THE FIX WAS IN ALL ALONG IN FERGUSON

November 25, 2014

By Mike Caccioppoli

This is my first reaction to what just happened in Ferguson. My stomach is in knots. Buildings are burning. There are people who have criticized the title of my blog “America The Not So Beautiful.” They wanted something more optimistic, softer. Can you argue with the title now? I mean can you really? We are retreating in this country. As other nations forge ahead, we are back in the 1950’s and 60’s. It’s Selma all over again and watts and even further back, into the dark ages. This is where we are now. No justice and certainly no peace.

We all sat together, watched, listened together. Listened as the corrupt St. Louis County Prosecutor named Bob McCulloch, told the nation, told all of us, from San Francisco to Chicago to New York to Miami and to the heart of the tragedy, Ferguson, Missouri, that Darren Wilson, the police officer who killed Michael Brown, will not face charges. Yes, most of us expected it, dreaded it. But now it was real, it had actually happened. Justice denied, again. Again.

McCulloch stood there, and described an execution, then in the next breath said there was nothing to see here. He didn’t sound like any prosecutor I have heard before. He sounded much more like a defense attorney, the defense attorney for Darren Wilson. A prosecutor wants an indictment when they go to a grand jury so therefore in the almost non-existent cases where they don’t get one, they are distraught, just as they are when they lose a case in court. McCulloch hardly seemed upset about the decision, in fact he seemed vindicated, just like a defense attorney would be after they got their client off.

I’m not surprised at all. I expected this decision. We all did. But like everyone else, I was dreading this moment. I knew the fix was in. There was something disquieting about watching McCulloch throwing that fact in our collective faces. He threw it in our faces and hid behind a grand jury. I don’t blame them at all. As all legal experts have said, the grand jury does what the prosecutor wants. This time he didn’t want an indictment so he stacked the deck to get the result he wanted. McCulloch is a coward, and just like a defense attorney who does not put everything on the line for their client, McCulloch should be forced out of office and not be allowed to practice law ever again. He put nothing on the line for Michael Brown, in fact, Brown, the VICTIM wasn’t represented at all.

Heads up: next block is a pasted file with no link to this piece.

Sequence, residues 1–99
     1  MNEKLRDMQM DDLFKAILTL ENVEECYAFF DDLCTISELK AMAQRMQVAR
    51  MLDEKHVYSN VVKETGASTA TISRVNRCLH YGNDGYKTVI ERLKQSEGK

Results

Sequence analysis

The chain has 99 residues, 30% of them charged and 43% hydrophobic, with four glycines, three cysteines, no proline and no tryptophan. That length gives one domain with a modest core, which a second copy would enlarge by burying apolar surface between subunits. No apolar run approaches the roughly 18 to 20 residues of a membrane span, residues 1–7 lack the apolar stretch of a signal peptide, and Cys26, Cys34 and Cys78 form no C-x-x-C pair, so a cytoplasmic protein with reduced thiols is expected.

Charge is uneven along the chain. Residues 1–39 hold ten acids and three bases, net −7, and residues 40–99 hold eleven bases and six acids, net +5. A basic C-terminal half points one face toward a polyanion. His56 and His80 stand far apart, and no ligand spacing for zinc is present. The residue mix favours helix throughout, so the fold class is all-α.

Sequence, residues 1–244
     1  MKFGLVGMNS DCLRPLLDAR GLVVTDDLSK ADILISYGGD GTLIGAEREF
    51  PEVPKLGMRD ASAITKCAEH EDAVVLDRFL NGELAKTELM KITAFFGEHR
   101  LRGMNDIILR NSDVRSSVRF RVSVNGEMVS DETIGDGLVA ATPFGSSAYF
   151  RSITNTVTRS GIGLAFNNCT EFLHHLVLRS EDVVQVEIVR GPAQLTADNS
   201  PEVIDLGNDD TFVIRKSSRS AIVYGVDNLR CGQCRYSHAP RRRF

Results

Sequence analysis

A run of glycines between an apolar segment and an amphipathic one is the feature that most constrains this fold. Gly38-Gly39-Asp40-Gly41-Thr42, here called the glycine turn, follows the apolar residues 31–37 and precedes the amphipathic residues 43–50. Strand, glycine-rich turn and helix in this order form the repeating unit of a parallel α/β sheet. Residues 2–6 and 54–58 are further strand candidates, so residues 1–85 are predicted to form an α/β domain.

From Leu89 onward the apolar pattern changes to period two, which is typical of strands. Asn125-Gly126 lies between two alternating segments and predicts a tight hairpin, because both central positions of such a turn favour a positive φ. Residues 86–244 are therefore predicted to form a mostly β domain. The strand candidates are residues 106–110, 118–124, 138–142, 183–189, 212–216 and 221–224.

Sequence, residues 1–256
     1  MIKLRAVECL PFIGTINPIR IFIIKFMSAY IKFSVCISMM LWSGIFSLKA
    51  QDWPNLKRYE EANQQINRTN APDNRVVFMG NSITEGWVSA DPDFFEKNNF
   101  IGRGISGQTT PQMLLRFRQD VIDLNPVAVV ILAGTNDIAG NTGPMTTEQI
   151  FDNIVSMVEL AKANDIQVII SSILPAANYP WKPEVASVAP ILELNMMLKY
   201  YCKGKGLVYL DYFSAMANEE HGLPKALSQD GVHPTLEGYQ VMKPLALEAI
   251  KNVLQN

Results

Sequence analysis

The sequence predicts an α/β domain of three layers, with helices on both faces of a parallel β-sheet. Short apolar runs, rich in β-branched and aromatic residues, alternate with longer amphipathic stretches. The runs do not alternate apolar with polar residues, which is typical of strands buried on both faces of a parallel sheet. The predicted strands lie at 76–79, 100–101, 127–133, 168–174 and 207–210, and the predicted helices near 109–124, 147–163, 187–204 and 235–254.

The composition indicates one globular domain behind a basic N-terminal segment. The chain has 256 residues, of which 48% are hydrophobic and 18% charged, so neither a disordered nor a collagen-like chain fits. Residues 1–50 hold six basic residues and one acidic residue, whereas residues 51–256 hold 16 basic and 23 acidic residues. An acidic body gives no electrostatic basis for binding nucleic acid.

Look, this is what it comes down to. A cop can kill who they want. If they kill a black person they will get off 100 percent of the time. If they kill a white person that probably drops to about 95 percent. This is why whites shouldn’t think they are safe. WE are not. They say a grand jury will indict a ham sandwich, but police officers aren’t ham sandwiches. In the minds of too many they are filet mignon. They are the top of the line and can do no wrong. If they shoot and kill it’s always because they have to. Whether it’s a kid walking in the street, or a man with a fake gun at his side in a toy store or a 12 year old with a gun that even the guy who called 911 knew was fake but the trained cop didn’t, it simply does not matter. They can kill you if they feel like it that day. There is no recourse.

McCulloch admitted that Wilson shot 12 times, that’s a dozen shots. Once again though, nothing to see here. No question from the idiot reporters in the media pool, about how far away Brown was when Wilson shot at him several times, including the fatal shot to his head. No question to McCulloch about the need for a cop to justify each and every shot, all 12 in this case. Nobody asked him why he allowed Wilson to testify for four hours and if he will afford ALL defendants that leeway from now on. What McCulloch painted was the picture of a hulking black thug charging at Wilson, after he was already shot at least twice, charging AT BULLETS. That Wilson needed all 12 shots against an unarmed 18 year old kid in order to save his own life. Incredulity doesn’t describe it well enough.